$k$ is a field. Let $X$ be a connected pointed $CW$-complex such that the homology $H_{n}(X;k)$ is a finite dimensional $k$-vector space for any $n\in \mathbb{N}$. Suppose that we have continuous mapping $$r: X\rightarrow K(\pi_{1}(X),1) $$ from the space $X$ to the Eilenberg-MacLane space $K(\pi_{1}(X),1)$ inducing an isomorphism on fundamental group $\pi_{1}$. Suppose also that there is a mapping $$ i: K(\pi_{1}(X),1) \rightarrow X $$ such that:

  1. $r\circ i= id$
  2. the homotopy cofiber of $i$ is homotopy equivalent to a finite $CW$-complex.
  3. and $H_{n}(r;k): H_{n}(X;k)\rightarrow H_{n}(K(\pi_{1}(X),1);k)$ is an isomorphism for any $n\in \mathbb{N}$.

My question is the following: Is the homology of $\tilde{X}$ (the universal covering of $X$) finite dimensional? i.e. $H_{n}(\tilde{X};k)$ is a finite dimensional $k$-vector space for any $n\in \mathbb{N}$?

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    $\begingroup$ What about $S^2 \vee S^1 \to S^1$? Am I missing something? $\endgroup$ Jun 11, 2019 at 20:26
  • $\begingroup$ @NajibIdrissi Sorry, I forgot the most important condition (3). $\endgroup$
    – GSM
    Jun 11, 2019 at 20:30

2 Answers 2


If we replace the field $k$ with the ring of integers $\Bbb Z$, then no.

There are non-trivial high dimensional knots $K: S^n \to S^{n+2}$, whose complements $X = S^{n+2}-K(S^n)$ have $\pi_1(X) \cong \Bbb Z$ ($n > 2$). The map $$ X \to S^1 $$ defining the generator of $H^1(X) \cong \Bbb Z$ has a section, and the mapping cone of this map has the homotopy type of a finite complex.

The homotopy fiber of this map is $\tilde X$, the universal abelian cover. It has the homotopy type of a finite complex iff $K$ is a fibered knot (meaning that there is a representative of the map which is a fiber bundle having compact manifold fibers which are Seifert surfaces of $K$; this is a result of Browder and Levine).

Since $\tilde X$ is $1$-connected, it has the homotopy type of a finite complex iff its homology is finitely generated over $\Bbb Z$ in each degree (this is an easy case of a result due to Wall). Since there are non-fibered knots with $\pi_1(X) \cong \Bbb Z$, any such knot will have the property that the homology of $\tilde X$ in some degree will fail to be finitely generated over $\Bbb Z$.


(1) It could very well be that these examples work over any field $k$, but I do cannot seem to deduce that statement.

(2) Observe what we really constructed is an example satisfying your criteria such that $\tilde X$ fails to have the homotopy type of a finite complex.

Addendum (June 12, 2019): Danny Ruberman points out that Milnor settled Remark (1) in the negative. In other words, there are no examples satisfying the original question having $\pi_1(X) \cong \Bbb Z$.

  • $\begingroup$ In this case $X\rightarrow S^1$ is a homology isomorphism ? $\endgroup$
    – GSM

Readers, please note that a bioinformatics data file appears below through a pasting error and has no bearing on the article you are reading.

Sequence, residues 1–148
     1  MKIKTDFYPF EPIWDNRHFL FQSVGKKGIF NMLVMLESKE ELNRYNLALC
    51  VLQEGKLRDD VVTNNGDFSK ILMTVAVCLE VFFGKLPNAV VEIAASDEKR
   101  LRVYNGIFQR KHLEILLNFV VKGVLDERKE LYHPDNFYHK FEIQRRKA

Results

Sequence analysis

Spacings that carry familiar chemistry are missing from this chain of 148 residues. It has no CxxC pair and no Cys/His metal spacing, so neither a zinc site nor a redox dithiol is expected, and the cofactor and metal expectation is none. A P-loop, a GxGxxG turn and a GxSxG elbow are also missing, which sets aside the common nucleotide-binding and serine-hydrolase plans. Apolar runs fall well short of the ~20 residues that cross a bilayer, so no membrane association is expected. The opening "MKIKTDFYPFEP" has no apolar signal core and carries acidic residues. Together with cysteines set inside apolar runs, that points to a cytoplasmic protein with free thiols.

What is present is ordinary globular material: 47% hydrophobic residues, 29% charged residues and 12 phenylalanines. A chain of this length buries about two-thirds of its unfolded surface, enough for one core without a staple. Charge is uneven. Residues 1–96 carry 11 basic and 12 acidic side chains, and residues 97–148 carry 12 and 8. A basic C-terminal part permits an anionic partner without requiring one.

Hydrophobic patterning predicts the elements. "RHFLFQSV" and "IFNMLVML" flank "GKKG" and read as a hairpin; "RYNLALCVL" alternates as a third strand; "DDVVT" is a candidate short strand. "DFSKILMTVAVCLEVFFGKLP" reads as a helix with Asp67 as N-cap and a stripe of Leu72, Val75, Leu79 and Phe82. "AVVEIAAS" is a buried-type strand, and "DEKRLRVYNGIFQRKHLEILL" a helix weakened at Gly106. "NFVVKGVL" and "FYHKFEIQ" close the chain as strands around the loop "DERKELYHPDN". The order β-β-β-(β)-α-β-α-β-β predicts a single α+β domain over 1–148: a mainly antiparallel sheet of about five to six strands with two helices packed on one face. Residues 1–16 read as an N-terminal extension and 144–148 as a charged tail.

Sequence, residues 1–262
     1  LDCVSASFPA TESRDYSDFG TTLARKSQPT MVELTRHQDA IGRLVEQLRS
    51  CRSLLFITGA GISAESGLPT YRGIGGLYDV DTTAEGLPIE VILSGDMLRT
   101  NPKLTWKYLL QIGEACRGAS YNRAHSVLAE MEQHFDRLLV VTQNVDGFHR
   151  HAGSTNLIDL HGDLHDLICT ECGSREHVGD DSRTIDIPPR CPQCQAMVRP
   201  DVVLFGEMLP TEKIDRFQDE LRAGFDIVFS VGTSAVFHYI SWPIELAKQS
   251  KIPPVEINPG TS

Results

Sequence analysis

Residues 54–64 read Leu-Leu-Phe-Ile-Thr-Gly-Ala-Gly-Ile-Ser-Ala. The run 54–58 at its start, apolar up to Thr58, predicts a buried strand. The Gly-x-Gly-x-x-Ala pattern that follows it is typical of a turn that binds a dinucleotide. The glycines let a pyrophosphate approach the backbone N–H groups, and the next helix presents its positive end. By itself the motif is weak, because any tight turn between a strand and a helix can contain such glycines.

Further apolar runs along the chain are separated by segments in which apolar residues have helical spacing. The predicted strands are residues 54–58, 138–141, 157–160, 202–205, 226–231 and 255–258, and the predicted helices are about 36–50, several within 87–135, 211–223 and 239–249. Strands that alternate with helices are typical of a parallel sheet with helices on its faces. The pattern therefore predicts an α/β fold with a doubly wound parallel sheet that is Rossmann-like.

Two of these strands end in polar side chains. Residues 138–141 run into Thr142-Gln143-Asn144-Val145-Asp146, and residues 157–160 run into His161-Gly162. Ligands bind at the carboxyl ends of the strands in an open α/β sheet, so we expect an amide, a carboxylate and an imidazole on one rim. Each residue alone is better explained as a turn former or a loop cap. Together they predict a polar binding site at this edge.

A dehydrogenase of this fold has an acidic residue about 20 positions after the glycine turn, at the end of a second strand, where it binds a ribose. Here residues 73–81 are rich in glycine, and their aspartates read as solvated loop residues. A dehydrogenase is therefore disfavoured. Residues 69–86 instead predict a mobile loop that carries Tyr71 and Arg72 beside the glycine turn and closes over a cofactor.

Jun 11, 2019 at 22:36
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    $\begingroup$ For any knot the map $X\to S^1$ is a homology isomorphism by Alexander duality. $\endgroup$
    – John Klein
    Jun 11, 2019 at 23:51
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    $\begingroup$ Milnor (Infinite Cyclic Coverings, Assertion 5) shows that with field coefficients, the homology of the infinite cyclic covering of any knot complement is finitely generated. The proof is a nice application of the Milnor exact sequence in homology derived from the SES $0 \to C_{*}(\tilde{X}) \overset{(t_*-1)}{\to} C_{*}(\tilde{X}) \overset{p_*}{\to} C_{*}(X) \to 0$. $\endgroup$ Jun 12, 2019 at 0:59
  • $\begingroup$ @DannyRuberman Yes, I had forgotten that. So these examples are not finitely generated over $\Bbb Z$ in some degree but are so over any field, implying that there is torsion at in infinite number of primes in that degree. $\endgroup$
    – John Klein
    Jun 12, 2019 at 2:06
  • $\begingroup$ @DannyRuberman I misphrased my previous comment. The statement about primes was rubbish. I meant to write: 1) The universal cover, which is 1-connected, is finite dimensional. 2) The total homology with Z coefficients is not finitely generated. 3) The total homology with any field coefficients is finitely generated. so we could get an example wit, say, a copy of $\Bbb Q$ in its homology and 2 and 3 will hold. $\endgroup$
    – John Klein
    Jun 14, 2019 at 17:49

Take $Y=S^1\times S^2$. Take a map from a sphere $S^2\to Y$ given by one of the fibers $*\times S^2$ and glue on a disk: $X=S^1\times S^2\cup_{S^2} D^3$. Then $H_•(X)=H_•(S^1)$. There is a section from $S^1$ inducing a homology isomorphism, so the cofiber is contractible. For an alternate description, think of gluing as $X=S^1\times S^2\cup_{S^1\vee S^2}S^1\vee D^3$. From this point of view, the universal cover is seen to be a pushout of universal covers: $$\tilde X =\widetilde{S^1\times S^2}\bigcup_{\widetilde{S^1\vee S^2}}\widetilde{S^1\times D^3} =S^2\times\mathbb R^1\bigcup_{\widetilde{S^1\vee S^2}}\mathbb R^1\times D^3$$ The three constituents are homotopy equivalent to $S^2$, $\bigvee_\infty S^2$, and a point, so we can compute the homology with Mayer-Vietoris and it is infinite rank, all in degree $3$.

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    $\begingroup$ The cofiber of the map $\ast \times S^2 \to S^1 \times S^2$ is $S^1 \wedge (S^2_+) \simeq S^1 \vee S^3$ (which is still a finite complex). So $H_\bullet(X) \neq H_\bullet(S^1)$. Moreover it's clear from this that $\tilde X$ is homotopy equivalent to countable wedge of copies of $S^3$. But your example fails to satisfy condition (3). $\endgroup$
    – John Klein
    Jun 13, 2019 at 2:22
  • $\begingroup$ Oh, yeah. But it would work if the fundamental group were acyclic... $\endgroup$ Jun 13, 2019 at 22:11
  • $\begingroup$ @BenWieland How? could you say more, please ? $\endgroup$
    – GSM
    Jun 14, 2019 at 10:15

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